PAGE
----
Thomason and Ritchie Equine vets talk about Sarcoids
A sarcoid is a benign skin tumour that can occur anywhere on a horse’s body. They can develop at any age, but most commonly first occur in younger horses. There, at present, does not appear to be a sex predilection for developing these tumours. Sarcoids are a tumour of the fibroblast cells in the skin, however occasionally can develop just beneath the skin, however they are no point develop/spread to internal organs!
It is currently considered that sarcoids are initially caused by the same virus that causes “warts” in cattle, which is known as the papilloma virus. The disease is not the same but the initial causative virus does seem to occur in both cases.
The most common areas on a horse affected by sarcoids are axilla (armpit), groin, face (eyelids, mouth and cheeks), scrotum and sheath. Often these areas are where the skin is thinnest, the horse often sweats, and where flies will congregate and feed.
There are 6 recognised “types” of sarcoids.
- Occult – The round flat lesions, often mistaken for ringworm. Initially though these can be noted as coat discolouration, skin thickening and colour/quality change.
- Verrucous – Often have a grey and warty appearance. Normally hairless, and the skin where the sarcoid is present is often firm, and may crack if moved or folded.
- Nodular – There are 2 types of nodular sarcoid, A which is under the skin, and B which involves the skin directly. They can be single or multiple, and can be prone to ulcerating or bleeding.
- Fibroblastic – These are large fleshy masses that can appear anywhere on the body and often bleed easily. They commonly occur at the site of a skin injury on a limb. They may have a thin stalk or a large wide base.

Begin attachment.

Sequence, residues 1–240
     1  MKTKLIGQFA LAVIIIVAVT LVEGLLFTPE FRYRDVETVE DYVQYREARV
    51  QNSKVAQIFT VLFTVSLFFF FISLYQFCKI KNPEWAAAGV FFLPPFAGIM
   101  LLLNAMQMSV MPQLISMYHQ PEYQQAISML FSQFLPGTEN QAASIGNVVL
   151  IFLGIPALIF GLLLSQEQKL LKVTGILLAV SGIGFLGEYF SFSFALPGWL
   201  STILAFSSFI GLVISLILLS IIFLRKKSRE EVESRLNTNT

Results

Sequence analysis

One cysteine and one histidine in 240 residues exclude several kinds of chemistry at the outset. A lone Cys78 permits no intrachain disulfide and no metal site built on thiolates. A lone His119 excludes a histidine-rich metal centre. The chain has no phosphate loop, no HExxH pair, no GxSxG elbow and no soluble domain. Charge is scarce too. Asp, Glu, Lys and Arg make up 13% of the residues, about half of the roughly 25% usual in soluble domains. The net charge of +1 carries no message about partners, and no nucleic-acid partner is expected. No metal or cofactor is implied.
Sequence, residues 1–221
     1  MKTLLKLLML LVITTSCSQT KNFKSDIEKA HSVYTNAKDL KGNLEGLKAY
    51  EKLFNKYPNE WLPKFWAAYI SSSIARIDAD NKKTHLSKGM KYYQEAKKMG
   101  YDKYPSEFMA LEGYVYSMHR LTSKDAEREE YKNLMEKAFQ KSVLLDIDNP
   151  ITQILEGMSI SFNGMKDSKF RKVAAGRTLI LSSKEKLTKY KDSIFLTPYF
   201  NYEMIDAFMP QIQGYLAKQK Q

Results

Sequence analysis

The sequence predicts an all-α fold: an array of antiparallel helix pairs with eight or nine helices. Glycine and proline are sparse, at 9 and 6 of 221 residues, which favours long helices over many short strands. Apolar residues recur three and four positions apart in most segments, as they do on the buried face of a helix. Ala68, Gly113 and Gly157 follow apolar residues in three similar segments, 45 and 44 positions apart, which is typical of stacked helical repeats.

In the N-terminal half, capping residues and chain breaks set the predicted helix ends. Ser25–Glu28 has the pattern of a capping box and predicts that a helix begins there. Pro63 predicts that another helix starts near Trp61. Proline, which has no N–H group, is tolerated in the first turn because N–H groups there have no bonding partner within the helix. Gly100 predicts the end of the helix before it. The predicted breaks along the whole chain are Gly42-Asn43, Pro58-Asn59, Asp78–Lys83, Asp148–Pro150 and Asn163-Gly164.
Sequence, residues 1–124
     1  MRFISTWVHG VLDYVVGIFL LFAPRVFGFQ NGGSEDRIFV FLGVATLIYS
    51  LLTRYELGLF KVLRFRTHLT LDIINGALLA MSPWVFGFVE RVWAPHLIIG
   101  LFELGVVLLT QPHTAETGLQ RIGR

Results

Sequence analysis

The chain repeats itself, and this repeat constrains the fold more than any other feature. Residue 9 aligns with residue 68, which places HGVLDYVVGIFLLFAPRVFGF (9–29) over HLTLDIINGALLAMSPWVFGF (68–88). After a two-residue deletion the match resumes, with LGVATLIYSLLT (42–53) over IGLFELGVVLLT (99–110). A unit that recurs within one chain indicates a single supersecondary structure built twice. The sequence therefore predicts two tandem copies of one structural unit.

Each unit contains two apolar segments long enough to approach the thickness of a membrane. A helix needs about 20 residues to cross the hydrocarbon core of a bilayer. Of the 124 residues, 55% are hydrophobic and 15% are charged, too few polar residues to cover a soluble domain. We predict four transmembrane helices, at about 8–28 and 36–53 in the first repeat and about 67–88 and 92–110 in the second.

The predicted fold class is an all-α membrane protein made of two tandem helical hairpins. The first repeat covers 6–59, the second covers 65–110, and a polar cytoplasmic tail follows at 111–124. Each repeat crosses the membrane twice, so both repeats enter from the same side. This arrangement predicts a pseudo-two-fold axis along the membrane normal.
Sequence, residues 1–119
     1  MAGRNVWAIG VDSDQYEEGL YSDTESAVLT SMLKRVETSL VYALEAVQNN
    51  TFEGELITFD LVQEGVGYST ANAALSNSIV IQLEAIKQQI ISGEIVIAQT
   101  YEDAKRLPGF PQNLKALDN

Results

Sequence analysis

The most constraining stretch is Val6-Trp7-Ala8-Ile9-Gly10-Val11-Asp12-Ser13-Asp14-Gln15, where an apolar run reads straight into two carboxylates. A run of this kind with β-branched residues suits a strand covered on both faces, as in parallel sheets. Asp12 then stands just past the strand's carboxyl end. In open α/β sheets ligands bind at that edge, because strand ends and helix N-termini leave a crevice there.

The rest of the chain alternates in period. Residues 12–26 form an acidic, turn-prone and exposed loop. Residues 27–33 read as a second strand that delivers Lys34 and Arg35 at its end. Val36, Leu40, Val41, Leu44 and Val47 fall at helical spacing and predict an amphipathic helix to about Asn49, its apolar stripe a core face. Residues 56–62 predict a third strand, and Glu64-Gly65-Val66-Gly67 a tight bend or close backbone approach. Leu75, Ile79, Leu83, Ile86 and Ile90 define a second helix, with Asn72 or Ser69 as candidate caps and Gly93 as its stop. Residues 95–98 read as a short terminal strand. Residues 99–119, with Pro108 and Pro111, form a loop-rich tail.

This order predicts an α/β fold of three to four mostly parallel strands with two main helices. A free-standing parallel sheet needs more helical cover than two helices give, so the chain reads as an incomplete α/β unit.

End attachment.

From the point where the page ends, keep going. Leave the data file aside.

- Mixed – Exactly what it states. It has an area where multiple types of the above are present. Treatment for these are normally determined by identifying the main contributor and treating accordingly.
- Malignant – This is classified when there is extensive localised or diffuse infiltration of the sarcoid to the skin and subcutaneous tissue. This form is rare, and is not based on the size of the lesion, but may develop as a result of failed or repeated incomplete treatments of other sarcoids. Self cure does not occur!
If you are concerned and think your horse may have a sarcoid, then the MOST important thing to do is get your vet to assess it. The longer treatment is delayed the harder it is to treat appropriately. Home remedies/cheap therapies are often ineffective and may encourage develop of the milder cases to become more aggressive and advanced.
Sometimes your vet may recommend leaving alone and monitoring, as in certain cases this is the most appropriate thing to do, in other cases it isn’t and appropriate treatment will be recommended.
There is rarely a 100% cure rate with sarcoids, but we always endeavour to get the best outcome possible.
There are over 40 treatment options for sarcoids, there applicability and prognosis is highly variable, but often vets will discuss cases with each other and referral specialists to come to a conclusion as to which treatment is the most appropriate for the individual case. Sadly finance does often come into play here as although, for example, radiation therapy has currently the best prognosis both for cure and cosmetic outcome, it is also the most expensive, there are only 2 or 3 centres worldwide that can do it, and depends on the location of the tumour. So obviously there are many considerations to be considered with regards to treatments.
For further information on sarcoids please talk to your vets or call 01270 766455, email firstname.lastname@example.orgShare this